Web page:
[Show abstract][Hide abstract] ABSTRACT: Mild traumatic brain injuries (mTBI) have been associated with long-term cognitive deficits relating to trauma-induced neurodegeneration. These long-term deficits include impaired memory and attention, changes in executive function, emotional instability, and sensorimotor deficits. Furthermore, individuals with concussions show a high co-morbidity with a host of psychiatric illnesses (e.g., depression, anxiety, addiction) and dementia. The neurological damage seen in mTBI patients is the result of the impact forces and mechanical injury, followed by a delayed neuroimmune response that can last hours, days, and even months after the injury. As part of the neuroimmune response, a cascade of pro- and anti-inflammatory cytokines are released and can be detected at the site of injury as well as subcortical, and often contralateral, regions. It has been suggested that the delayed neuroinflammatory response to concussions is more damaging then the initial impact itself. However, evidence exists for favorable consequences of cytokine production following traumatic brain injuries as well. In some cases, treatments that reduce the inflammatory response will also hinder the brain's intrinsic repair mechanisms. At present, there is no evidence-based pharmacological treatment for concussions in humans. The ability to treat concussions with drug therapy requires an in-depth understanding of the pathophysiological and neuroinflammatory changes that accompany concussive injuries. The use of neurotrophic factors [e.g., nerve growth factor (NGF)] and anti-inflammatory agents as an adjunct for the management of post-concussion symptomology will be explored in this review.
"Activation of STAT3 through only gp130 by Interleukin-6 (IL-6) signaling is known to trigger reactive astrogliosis (Sofroniew, 2009). The role of IL-6 is ambivalent, depending on the animal model and the disease that occurs in the experimental paradigms (Campbell et al., 1993; Penkowa et al., 2003; Quintana et al., 2009). "
[Show abstract][Hide abstract] ABSTRACT: Research of the past 25 years has shown that astrocytes do more than participating and building up the blood brain barrier and detoxify the active synapse by reuptake of neurotransmitters and ions. Indeed, astrocytes express neurotransmitter receptors and, as a consequence, respond to stimuli. Deeper knowledge of the differentiation processes during development of the central nervous system (CNS) might help explaining and even help treating neurological diseases like Alzheimer’s disease, Amyotrophic lateral sclerosis (ALS) and psychiatric disorders in which astrocytes have been shown to play a role. Astrocytes and oligodendrocytes develop from a multipotent stem cell that prior to this has produced primarily neuronal precursor cells. This switch towards the more astroglial differentiation is regulated by a change in receptor composition on the cell surface and responsiveness of the respective trophic factors Fibroblast growth factor (FGF) and Epidermal growth factor (EGF). The glial precursor cell is driven into the astroglial direction by signaling molecules like Ciliary neurotrophic factor (CNTF), Bone Morphogenetic Proteins (BMPs), and EGF. However, the early astrocytes influence their environment not only by releasing and responding to diverse soluble factors but also express a wide range of extracellular matrix (ECM) molecules, in particular proteoglycans of the lectican family and tenascins. Lately these ECM molecules have been shown to participate in glial development. In this regard, especially the matrix protein Tenascin C (Tnc) proved to be an important regulator of astrocyte precursor cell proliferation and migration during spinal cord development. On the other hand, ECM molecules expressed by reactive astrocytes are also known to act mostly in an inhibitory fashion under pathophysiological conditions. In this regard, we further summarize recent data concerning the role of chondroitin sulfate proteoglycans and Tnc under pathological conditions.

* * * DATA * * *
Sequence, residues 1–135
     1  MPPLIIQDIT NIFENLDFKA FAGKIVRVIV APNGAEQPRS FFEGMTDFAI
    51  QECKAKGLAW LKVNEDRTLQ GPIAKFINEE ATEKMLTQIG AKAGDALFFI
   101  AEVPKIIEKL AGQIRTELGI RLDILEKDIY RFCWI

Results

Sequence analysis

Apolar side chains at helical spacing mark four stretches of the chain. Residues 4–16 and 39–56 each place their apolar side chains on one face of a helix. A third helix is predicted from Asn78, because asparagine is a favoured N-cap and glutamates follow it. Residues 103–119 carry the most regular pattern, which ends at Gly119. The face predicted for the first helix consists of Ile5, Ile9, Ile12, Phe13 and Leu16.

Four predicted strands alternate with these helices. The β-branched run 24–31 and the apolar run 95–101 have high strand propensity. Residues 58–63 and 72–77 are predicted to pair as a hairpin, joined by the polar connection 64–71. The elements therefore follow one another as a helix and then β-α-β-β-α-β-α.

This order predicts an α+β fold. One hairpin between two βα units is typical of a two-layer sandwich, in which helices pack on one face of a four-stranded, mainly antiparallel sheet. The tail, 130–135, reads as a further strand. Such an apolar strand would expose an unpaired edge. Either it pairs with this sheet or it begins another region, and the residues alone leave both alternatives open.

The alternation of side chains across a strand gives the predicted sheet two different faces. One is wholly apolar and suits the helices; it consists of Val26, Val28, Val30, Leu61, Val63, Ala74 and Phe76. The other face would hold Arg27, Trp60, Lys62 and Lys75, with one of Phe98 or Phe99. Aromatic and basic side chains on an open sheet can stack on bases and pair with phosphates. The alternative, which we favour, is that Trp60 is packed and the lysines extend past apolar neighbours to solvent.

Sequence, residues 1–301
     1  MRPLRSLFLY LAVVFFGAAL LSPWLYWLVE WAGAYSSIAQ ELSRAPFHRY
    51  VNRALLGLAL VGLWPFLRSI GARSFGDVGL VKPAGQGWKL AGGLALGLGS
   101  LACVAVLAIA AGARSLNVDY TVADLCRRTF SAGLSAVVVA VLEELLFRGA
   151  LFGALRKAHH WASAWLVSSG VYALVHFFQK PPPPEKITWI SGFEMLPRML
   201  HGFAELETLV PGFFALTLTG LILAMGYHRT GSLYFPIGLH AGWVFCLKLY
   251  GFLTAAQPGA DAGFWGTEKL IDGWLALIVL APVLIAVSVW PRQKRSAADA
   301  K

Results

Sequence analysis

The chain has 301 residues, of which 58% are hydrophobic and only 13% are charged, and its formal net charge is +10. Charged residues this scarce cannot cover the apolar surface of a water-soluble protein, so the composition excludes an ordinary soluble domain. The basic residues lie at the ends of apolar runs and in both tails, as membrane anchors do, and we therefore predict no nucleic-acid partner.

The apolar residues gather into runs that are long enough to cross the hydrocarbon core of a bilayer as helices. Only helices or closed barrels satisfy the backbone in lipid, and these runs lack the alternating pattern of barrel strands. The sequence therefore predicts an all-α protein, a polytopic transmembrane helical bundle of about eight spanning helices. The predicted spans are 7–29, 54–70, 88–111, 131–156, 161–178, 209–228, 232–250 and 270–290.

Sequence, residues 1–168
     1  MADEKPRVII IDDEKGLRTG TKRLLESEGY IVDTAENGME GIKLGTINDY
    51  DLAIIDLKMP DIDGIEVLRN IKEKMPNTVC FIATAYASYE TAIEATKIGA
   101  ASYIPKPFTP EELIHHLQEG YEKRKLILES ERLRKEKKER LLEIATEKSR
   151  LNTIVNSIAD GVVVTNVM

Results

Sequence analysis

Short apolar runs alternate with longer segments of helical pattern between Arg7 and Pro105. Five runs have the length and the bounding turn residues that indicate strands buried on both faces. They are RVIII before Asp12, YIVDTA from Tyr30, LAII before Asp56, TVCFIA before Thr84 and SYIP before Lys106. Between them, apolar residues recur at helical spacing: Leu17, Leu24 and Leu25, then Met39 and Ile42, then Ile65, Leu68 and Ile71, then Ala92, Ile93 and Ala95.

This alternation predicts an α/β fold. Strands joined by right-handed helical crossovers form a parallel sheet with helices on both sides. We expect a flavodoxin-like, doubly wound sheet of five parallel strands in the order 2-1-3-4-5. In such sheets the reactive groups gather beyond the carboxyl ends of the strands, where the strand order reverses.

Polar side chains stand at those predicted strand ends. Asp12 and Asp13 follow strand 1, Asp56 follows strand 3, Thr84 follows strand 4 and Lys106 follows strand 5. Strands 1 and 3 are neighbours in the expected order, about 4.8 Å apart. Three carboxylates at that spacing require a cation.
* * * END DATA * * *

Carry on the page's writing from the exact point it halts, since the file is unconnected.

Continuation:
Frontiers in Pharmacology 06/2012; 3:120. DOI:10.3389/fphar.2012.00120 · 3.80 Impact Factor
Data provided are for informational purposes only. Although carefully collected, accuracy cannot be guaranteed. The impact factor represents a rough estimation of the journal's impact factor and does not reflect the actual current impact factor. Publisher conditions are provided by RoMEO. Differing provisions from the publisher's actual policy or licence agreement may be applicable.